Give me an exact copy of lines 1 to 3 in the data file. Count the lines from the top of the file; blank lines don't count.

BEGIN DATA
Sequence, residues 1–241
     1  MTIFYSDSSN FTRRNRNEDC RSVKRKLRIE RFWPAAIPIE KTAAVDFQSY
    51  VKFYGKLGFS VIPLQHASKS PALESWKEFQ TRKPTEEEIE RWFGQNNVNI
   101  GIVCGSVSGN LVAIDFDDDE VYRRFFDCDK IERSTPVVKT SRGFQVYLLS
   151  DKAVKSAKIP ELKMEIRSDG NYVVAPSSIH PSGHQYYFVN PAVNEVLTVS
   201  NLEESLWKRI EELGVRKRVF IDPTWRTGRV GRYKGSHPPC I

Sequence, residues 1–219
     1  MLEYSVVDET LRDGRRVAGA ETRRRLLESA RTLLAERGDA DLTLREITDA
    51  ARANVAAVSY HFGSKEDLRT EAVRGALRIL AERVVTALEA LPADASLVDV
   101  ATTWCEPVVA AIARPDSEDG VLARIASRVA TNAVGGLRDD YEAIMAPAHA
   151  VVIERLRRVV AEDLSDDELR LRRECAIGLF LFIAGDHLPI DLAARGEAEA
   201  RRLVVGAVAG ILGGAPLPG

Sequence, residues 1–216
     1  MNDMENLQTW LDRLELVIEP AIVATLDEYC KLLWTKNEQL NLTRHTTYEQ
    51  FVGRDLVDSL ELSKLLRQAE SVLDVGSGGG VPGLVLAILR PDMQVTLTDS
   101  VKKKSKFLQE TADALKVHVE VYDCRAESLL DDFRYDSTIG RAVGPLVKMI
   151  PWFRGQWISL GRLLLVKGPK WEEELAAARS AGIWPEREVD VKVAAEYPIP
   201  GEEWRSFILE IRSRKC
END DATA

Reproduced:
Sequence, residues 1–241
     1  MTIFYSDSSN FTRRNRNEDC RSVKRKLRIE RFWPAAIPIE KTAAVDFQSY
    51  VKFYGKLGFS VIPLQHASKS PALESWKEFQ TRKPTEEEIE RWFGQNNVNI